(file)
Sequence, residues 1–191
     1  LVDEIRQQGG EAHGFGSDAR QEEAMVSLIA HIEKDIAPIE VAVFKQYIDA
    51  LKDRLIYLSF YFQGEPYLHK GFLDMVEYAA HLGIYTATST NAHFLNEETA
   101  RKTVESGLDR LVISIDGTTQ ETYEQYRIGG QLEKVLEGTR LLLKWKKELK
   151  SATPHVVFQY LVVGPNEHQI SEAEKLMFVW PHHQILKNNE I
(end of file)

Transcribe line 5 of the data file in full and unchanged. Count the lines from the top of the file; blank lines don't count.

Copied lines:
   151  SATPHVVFQY LVVGPNEHQI SEAEKLMFVW PHHQILKNNE I